Okanagan Valley Terroir
Over the last decades, producers in the Okanagan Valley have undertaken great efforts to establish this unique and breathtakingly beautiful valley as North America’s newest premium wine‐growing region. The diversity of vines that thrive in varied microclimates here provides winemakers with a multitude of options to express their creative talents and technical expertise. The region has attracted winemakers from around the world and is now home to vintners from France, Australia, California, New Zealand and South Africa.
The Okanagan Valley is a 124 mile‐long trough that extends north from the 49th parallel into the central southern interior of British Columbia. The valley is lined with multiple bedrocks, their floors and lower slopes overlaid with the rich silt, sand and gravel over 10,000‐year old glacial deposits.
The northern end of the Sonoran Desert eco-zone, which extends all the way south to Mexico, just barely reaches across the United States‐Canada border to British Columbia, up to the south Okanagan towns of Osoyoos and Oliver. Referred to as Canada’s only pocket desert, the arid climate of the southern British Columbia interior shapes the geographical landscape for viticulture.
The climate of the Okanagan Valley is governed by the region’s location in the lee of the Coast Mountain Range. These mountains, with peaks of over 8,000 feet, are effective weather blocks. While the weather west of the Coast Range in Vancouver is wet, a rain shadow effect is produced eastward in the Okanagan Valley. Rainfall is lowered to an annual average 16 inches in the north, near Kelowna, and eight inches in the south, around Osoyoos. Summer months are dry and warm with rainfall usually in the form of brief showers. June is the wettest month. Hot periods occur when dry continental air invades the area from the desert region to the southeast, in the United States. Temperatures can often reach 95° Fahrenheit or more. The average temperature during the warmest month in the south Okanagan is 71.6°F. By way of comparison, the average temperature during the warmest month in Bordeaux, France is 67.3° Fahrenheit, and annual precipitation is 31 inches. In the Napa Valley, California, the average temperature in the warmest month is 66.4° Fahrenheit, and the annual rainfall is 25.6 inches.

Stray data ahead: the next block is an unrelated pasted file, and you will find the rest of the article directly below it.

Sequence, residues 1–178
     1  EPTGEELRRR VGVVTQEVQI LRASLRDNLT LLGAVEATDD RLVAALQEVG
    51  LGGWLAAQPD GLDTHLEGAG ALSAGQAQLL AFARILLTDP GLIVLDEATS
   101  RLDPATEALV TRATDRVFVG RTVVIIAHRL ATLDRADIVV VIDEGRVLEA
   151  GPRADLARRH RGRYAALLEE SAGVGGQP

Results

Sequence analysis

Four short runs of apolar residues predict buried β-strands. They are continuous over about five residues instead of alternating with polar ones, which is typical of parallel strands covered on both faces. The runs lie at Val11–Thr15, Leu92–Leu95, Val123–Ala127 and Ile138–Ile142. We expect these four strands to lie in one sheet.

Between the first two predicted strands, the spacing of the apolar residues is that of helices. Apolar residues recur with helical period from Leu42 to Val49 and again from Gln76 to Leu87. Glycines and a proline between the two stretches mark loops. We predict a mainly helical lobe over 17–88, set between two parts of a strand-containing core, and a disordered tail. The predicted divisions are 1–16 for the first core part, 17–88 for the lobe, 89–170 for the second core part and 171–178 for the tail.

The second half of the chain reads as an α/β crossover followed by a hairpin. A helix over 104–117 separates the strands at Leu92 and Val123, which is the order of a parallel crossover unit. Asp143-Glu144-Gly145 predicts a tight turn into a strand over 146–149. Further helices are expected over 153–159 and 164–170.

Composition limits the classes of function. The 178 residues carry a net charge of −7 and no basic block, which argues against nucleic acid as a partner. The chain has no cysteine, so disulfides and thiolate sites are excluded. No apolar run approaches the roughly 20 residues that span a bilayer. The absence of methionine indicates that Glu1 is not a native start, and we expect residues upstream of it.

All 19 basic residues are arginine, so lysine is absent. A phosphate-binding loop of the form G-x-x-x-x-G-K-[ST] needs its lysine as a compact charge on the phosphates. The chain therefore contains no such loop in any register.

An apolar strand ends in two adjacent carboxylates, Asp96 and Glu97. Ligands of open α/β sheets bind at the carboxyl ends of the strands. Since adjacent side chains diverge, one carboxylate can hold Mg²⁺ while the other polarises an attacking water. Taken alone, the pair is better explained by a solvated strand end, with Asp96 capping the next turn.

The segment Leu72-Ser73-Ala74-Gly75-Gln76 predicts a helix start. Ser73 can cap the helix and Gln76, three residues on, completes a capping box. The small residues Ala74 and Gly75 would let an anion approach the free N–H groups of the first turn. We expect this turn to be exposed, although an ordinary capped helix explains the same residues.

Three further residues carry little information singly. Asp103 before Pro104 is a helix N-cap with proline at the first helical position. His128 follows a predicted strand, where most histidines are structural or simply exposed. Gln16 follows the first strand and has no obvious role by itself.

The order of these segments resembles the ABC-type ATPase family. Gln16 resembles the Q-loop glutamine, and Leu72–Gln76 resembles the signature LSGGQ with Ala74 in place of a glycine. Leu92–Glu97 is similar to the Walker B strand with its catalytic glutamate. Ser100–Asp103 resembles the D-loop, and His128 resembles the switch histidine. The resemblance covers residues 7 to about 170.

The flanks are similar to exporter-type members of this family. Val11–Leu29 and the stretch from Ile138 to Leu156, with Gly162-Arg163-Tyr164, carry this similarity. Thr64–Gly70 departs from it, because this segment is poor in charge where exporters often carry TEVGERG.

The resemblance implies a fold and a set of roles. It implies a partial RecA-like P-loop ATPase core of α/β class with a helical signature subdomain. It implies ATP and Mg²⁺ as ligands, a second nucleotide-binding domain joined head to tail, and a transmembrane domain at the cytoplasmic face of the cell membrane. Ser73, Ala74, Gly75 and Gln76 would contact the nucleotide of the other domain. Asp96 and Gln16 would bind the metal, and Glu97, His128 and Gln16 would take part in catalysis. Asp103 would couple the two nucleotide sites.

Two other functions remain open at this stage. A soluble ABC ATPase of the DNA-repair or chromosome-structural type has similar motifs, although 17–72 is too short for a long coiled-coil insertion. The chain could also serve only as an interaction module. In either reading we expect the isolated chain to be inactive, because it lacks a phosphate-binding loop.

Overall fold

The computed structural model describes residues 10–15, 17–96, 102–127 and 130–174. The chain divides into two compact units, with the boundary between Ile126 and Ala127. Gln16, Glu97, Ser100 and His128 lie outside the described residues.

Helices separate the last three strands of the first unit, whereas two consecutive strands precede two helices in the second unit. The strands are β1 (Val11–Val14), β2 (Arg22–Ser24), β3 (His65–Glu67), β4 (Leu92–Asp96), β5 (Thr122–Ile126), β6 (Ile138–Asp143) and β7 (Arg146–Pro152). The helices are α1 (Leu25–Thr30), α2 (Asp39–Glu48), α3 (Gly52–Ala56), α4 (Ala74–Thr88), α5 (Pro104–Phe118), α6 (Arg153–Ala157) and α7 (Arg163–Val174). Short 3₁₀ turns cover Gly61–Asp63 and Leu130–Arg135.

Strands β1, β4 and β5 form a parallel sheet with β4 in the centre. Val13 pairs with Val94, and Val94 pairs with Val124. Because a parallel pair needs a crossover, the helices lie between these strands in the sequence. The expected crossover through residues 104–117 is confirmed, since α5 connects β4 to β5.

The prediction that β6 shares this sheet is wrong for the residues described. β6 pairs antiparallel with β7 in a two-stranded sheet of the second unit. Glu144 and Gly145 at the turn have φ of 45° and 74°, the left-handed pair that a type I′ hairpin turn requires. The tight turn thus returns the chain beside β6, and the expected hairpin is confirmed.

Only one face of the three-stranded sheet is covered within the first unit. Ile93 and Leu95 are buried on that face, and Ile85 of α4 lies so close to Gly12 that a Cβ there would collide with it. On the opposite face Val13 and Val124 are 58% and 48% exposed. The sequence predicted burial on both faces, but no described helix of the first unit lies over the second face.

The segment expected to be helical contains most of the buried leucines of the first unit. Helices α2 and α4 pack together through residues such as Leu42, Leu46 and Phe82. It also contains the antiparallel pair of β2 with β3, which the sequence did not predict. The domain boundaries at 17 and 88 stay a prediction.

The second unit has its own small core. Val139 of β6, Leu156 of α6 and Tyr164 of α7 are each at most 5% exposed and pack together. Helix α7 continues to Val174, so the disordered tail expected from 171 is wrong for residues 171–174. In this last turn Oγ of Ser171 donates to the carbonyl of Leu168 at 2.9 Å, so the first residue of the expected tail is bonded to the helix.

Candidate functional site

The Okanagan Valley falls in the Northern Hemisphere’s wine‐growing belt and shares the same
latitude as Northern German and French vineyards. While referred to as a cool‐climate wine
region, unique microclimates exist throughout the valley. The northern tip of the Okanagan
Valley is at 50°N, and the southern tip is at 49°.
A chain of pristine blue lakes, fed by several rivers, runs the length of the Valley, moderating both the intense summer heat and chilly winter air. Viticulturists throughout the Okanagan depend on the moisture moderated climate. Intense sunlight and minimal rainfall allow the grapes to ripen to their full maturity, while cool nights help them to retain high acidity.